[Today we're reading Ch. 6 The Ends Are Always The Means of the Plot, from Aristotle's Poetics for Screenwriters, by Michael Tierno (2002).]
You’d think that writers would start with the end in mind. However, I often see scripts with flat endings. It’s as if the journey changed the ending and it no longer fits.
The difference between a “false Act 3 problem” and a “true Act 3 problem” is the setup.
If the plot is properly setup, Act 3 is a snap.
If the plot is not properly setup, it’s a “false Act 3” problem, and the writer should go back to Acts 1 & 2. (This is the majority of cases.)
If the plot is properly setup & Act 3 is still a problem, then it’s a “true Act 3” problem. Usually this means that the climax was too abrupt (ex. the character learned his lesson in one paragraph).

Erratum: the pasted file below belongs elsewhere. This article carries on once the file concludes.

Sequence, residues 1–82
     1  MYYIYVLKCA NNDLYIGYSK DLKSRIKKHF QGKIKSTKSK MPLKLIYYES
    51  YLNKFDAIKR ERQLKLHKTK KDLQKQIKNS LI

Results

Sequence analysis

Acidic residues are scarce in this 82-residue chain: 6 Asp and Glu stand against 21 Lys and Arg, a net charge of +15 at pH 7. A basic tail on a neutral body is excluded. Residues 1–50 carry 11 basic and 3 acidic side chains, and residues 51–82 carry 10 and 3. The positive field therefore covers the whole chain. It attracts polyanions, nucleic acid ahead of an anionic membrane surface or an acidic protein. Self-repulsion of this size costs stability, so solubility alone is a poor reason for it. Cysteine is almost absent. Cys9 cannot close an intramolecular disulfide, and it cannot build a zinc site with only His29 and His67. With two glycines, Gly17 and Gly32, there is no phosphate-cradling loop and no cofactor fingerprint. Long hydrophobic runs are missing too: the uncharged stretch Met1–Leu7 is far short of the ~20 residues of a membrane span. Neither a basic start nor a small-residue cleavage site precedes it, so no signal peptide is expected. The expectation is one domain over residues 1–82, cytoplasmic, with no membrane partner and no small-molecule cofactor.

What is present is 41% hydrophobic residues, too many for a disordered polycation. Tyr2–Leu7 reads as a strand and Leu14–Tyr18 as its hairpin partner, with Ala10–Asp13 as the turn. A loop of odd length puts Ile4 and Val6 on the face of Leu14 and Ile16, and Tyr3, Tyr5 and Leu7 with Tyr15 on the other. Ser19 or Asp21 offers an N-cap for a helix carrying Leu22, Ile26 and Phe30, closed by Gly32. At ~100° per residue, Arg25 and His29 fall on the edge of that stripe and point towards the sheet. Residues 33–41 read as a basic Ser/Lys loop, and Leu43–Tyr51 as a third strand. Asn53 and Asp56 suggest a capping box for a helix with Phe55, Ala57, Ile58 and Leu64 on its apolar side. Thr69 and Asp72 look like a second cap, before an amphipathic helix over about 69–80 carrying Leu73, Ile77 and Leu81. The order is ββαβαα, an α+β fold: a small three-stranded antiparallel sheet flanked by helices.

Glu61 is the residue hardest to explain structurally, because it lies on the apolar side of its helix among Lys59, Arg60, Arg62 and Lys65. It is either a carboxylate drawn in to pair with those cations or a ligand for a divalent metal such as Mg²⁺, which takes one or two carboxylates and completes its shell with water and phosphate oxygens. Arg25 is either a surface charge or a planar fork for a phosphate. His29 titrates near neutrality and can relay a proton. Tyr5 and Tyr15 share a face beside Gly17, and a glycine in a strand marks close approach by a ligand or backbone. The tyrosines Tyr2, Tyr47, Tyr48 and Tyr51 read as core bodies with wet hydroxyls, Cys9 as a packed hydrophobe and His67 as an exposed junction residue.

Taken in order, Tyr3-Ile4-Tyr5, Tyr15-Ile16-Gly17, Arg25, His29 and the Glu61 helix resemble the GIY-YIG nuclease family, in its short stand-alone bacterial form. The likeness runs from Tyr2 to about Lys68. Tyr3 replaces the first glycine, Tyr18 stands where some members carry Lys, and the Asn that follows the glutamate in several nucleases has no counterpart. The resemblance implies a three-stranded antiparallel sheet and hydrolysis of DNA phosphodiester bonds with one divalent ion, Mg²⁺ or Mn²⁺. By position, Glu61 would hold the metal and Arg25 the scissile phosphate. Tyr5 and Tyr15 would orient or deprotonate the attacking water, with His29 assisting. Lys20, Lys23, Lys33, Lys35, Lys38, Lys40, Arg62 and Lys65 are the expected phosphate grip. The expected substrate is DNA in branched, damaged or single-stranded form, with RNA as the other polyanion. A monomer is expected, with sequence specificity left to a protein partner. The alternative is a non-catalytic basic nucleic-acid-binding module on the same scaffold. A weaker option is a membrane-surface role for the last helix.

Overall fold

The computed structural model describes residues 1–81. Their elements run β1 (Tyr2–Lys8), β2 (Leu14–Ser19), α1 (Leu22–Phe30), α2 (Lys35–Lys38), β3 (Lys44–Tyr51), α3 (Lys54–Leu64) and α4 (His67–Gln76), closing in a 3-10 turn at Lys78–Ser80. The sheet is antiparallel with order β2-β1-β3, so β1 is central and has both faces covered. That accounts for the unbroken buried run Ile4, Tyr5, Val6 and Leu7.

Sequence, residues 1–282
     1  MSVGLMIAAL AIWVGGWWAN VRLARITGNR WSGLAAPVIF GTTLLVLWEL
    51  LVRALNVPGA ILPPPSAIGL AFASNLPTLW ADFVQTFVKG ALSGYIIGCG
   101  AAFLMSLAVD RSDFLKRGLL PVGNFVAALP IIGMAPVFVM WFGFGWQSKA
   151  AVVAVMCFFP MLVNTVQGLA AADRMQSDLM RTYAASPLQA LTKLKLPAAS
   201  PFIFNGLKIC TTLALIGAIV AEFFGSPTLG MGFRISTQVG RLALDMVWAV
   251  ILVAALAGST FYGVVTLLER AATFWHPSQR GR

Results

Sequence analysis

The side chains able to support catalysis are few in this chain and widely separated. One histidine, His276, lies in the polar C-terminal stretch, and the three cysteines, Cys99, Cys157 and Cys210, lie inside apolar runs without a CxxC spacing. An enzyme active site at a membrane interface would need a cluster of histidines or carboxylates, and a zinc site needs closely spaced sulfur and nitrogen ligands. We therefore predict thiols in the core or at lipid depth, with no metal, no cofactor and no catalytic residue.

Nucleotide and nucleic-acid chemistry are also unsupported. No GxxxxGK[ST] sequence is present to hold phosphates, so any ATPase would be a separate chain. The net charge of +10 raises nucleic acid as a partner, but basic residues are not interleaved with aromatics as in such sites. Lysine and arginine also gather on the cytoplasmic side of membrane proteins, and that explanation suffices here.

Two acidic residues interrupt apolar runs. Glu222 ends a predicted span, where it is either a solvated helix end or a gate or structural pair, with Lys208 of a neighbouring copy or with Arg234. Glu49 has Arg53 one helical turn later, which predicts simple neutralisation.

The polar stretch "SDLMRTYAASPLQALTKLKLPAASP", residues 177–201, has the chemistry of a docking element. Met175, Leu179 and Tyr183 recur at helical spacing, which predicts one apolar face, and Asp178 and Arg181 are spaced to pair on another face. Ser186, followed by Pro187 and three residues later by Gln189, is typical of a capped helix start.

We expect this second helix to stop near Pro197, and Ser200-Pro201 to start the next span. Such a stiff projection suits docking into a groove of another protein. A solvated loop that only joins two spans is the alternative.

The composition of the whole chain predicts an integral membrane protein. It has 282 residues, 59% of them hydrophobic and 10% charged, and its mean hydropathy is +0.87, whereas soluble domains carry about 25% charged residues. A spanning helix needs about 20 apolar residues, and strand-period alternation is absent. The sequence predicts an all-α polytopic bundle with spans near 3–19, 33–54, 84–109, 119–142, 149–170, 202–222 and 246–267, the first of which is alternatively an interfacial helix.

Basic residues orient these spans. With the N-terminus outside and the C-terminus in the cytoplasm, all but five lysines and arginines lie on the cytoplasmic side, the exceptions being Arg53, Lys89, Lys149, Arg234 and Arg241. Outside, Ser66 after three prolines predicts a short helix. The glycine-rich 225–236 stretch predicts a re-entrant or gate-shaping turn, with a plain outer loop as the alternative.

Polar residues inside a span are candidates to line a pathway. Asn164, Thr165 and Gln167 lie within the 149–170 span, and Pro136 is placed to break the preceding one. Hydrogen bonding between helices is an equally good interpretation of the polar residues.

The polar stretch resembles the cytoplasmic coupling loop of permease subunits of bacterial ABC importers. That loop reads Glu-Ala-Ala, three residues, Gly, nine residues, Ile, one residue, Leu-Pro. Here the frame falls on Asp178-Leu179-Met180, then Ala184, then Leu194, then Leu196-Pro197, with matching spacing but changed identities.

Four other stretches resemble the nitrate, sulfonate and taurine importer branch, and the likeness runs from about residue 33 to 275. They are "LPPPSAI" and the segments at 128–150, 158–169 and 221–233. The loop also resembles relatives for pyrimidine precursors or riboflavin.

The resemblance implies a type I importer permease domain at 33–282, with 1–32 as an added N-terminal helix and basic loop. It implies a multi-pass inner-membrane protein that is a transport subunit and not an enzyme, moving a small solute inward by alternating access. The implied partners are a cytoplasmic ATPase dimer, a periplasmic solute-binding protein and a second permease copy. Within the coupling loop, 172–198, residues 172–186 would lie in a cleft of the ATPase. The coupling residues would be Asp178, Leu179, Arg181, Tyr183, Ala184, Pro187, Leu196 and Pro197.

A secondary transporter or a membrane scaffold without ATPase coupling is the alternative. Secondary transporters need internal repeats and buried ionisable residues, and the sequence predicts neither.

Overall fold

Or the writer is trying to shoehorn an improved story into the original ending that no longer fits.
WHAT I’VE LEARNED: Keep asking yourself in each scene: “Are we there yet?” b/c it will tell you what to do to get there.
[DISCLAIMER: I have not been asked, nor paid, to read or comment on this book.]